Emergent framing A stretch goal that involves all types of tribes collaborating at the highest level. New understandings, concepts, and synergistic solutions “emerge” from authentic listening and through a genuine desire for mutual understanding to create the best solutions for all. Emergent framing proposes that the best ideas or best concepts have not yet emerged because the preparatory work that would allow them to emerge has not occurred. Consequently, PLAN E involves creating the conditions for emergent framing to occur. Emergent framing also proposes that because of the entangled and effervescent nature of reality, as well as the reactive and changeable nature of life with a hyperthreat, accurate framing remains an ongoing and dynamic activity, not a static one-off. Again, PLAN E sets the parameters and structures in place to allow optimum response to a world in flux, which involves creating structures and systems and institutions that support ongoing emergent framing and hyperconversations.

Source: courtesy of the author, adapted by MCUP.


Task Force: Planetary Security

At an institutional design level, the most significant new initiative is the raising of a planetary security capability. This is conceived as involving at least 20 million people, prospectively several billion. For phases 1 and 2, this will be the main effort. This is the way in which it is envisioned that the bulk of the Earth citizenship workforce and other workers would be employed. In practical terms, it would involve expanding existing successful global citizen initiatives as well as creating new capabilities. It comprises two major operations:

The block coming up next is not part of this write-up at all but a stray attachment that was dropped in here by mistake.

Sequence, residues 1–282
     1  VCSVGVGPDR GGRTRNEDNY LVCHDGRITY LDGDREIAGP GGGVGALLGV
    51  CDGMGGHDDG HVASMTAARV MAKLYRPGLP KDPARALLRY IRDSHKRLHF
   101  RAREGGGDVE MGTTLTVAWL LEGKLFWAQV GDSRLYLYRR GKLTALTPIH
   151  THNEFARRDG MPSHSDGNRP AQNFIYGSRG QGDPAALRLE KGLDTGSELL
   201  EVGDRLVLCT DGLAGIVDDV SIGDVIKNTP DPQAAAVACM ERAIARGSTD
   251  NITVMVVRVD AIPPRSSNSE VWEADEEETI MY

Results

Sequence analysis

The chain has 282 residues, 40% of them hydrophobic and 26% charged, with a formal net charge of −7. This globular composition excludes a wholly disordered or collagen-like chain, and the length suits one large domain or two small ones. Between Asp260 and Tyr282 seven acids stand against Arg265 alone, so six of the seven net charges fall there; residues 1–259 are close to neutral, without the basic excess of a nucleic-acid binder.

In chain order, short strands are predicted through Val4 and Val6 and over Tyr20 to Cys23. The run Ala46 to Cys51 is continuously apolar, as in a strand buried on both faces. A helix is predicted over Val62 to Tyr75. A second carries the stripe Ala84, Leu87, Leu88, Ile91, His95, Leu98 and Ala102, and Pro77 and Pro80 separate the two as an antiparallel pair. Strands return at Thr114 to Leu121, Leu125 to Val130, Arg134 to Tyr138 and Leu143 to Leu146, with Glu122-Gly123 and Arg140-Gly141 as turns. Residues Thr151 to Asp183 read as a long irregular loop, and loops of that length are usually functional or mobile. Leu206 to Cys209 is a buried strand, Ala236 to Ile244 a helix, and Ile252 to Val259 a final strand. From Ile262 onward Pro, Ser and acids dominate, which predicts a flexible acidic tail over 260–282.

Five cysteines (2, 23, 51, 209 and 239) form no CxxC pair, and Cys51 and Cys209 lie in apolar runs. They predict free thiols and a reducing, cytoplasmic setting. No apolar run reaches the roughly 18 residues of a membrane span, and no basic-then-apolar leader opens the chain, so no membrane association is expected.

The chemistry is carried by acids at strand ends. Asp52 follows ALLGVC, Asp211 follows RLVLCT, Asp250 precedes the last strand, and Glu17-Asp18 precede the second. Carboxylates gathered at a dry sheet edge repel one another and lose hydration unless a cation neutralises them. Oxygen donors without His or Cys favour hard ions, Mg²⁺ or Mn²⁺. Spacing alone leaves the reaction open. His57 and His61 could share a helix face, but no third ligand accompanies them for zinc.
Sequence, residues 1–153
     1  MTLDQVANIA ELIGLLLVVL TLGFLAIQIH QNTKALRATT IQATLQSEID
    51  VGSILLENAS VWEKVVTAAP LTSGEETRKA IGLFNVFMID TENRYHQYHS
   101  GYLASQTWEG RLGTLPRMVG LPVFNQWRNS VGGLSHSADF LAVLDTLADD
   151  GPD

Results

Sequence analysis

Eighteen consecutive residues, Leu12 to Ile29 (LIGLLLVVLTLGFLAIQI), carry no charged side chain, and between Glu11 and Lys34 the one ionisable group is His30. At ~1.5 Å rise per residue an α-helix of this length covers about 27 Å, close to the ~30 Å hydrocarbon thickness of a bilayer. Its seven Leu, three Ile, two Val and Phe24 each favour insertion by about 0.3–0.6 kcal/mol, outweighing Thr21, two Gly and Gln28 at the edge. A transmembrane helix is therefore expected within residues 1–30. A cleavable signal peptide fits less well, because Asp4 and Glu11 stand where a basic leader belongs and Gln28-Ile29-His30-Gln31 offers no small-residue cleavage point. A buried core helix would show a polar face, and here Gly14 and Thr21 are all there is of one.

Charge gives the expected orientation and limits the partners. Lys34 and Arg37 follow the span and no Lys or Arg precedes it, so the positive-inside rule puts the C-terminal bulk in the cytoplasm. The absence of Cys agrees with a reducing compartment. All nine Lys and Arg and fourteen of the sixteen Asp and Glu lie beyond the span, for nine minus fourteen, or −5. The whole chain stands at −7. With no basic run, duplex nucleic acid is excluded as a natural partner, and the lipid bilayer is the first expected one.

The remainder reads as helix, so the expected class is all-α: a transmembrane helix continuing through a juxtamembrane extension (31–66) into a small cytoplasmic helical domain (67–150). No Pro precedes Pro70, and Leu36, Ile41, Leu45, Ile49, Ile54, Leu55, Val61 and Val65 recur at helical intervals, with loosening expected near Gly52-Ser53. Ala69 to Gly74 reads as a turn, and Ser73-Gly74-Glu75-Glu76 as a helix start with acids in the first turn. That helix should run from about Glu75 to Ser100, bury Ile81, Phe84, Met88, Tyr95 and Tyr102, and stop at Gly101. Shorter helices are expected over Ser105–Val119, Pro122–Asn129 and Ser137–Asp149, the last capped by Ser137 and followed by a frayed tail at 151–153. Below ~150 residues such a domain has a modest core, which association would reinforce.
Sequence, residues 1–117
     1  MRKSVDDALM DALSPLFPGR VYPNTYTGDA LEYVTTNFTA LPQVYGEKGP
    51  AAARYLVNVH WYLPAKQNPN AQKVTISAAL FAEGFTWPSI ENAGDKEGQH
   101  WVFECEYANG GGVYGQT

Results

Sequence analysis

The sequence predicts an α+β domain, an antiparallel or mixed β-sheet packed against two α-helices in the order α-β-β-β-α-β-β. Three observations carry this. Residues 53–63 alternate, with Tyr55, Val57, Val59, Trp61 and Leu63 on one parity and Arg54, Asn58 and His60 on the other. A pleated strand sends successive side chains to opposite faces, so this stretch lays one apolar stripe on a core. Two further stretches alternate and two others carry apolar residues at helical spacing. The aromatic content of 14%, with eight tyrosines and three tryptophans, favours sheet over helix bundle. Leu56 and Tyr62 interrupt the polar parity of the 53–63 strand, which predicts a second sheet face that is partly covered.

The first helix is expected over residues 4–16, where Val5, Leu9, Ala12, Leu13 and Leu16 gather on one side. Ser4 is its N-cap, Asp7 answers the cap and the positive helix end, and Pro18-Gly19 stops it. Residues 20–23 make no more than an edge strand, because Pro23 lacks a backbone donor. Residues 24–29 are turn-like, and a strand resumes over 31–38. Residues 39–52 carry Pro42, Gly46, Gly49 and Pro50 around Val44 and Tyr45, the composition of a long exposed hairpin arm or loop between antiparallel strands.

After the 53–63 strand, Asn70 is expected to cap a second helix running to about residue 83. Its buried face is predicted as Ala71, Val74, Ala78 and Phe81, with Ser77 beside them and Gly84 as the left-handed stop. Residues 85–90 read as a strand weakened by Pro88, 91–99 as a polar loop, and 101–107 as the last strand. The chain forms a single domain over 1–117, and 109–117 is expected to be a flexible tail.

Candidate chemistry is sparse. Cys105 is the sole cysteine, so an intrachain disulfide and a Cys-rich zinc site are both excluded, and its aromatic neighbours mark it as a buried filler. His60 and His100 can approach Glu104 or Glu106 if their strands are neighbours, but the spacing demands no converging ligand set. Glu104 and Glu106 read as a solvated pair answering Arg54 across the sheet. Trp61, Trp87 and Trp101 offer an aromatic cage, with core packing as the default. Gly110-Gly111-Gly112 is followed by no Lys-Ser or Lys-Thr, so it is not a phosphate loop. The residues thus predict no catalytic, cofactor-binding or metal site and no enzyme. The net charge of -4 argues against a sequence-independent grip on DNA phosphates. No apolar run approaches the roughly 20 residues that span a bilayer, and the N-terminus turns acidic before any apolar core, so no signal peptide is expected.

Operation Beauty

The aim of OP Beauty is to protect, restore, and strengthen ecosystems. Conservation offers huge cleanup and restoration activities that link to natural climate solutions.27 At a narrative level, OP Beauty could be described as a type of global “backyard blitz” or an enormous global cleanup work party. It represents a rescue operation of humanity’s friends and its most important ally in the fight against the hyperthreat: nature. While exact tasking would require specialist advice, low-skill activity might involve collecting rubbish from beaches, oceans, and rivers; habitat restoration; tree replanting activities; and increasing resources to address environmental crime.      

The naming of OP Beauty deliberately signposts a secondary objective: wishing to reestablish human’s affective bonds with nature. Consequently, OP Beauty involves rewilding as both a practical conservation activity and as a means to build empathic connections to nature—to “rewild our hearts.”28 This will be a multipronged approach that works with OP VAK and OP Sapiens Star around people’s sense of wonder and planetary belonging as well as their fitness, well-being, and health needs. Indigenous people will be invited to lead this part of the operation. It will also form a key plank of new peacebuilding approaches across cultural and religious divides, building upon multifaith ecotheological “creation care” approaches.


Operation New Net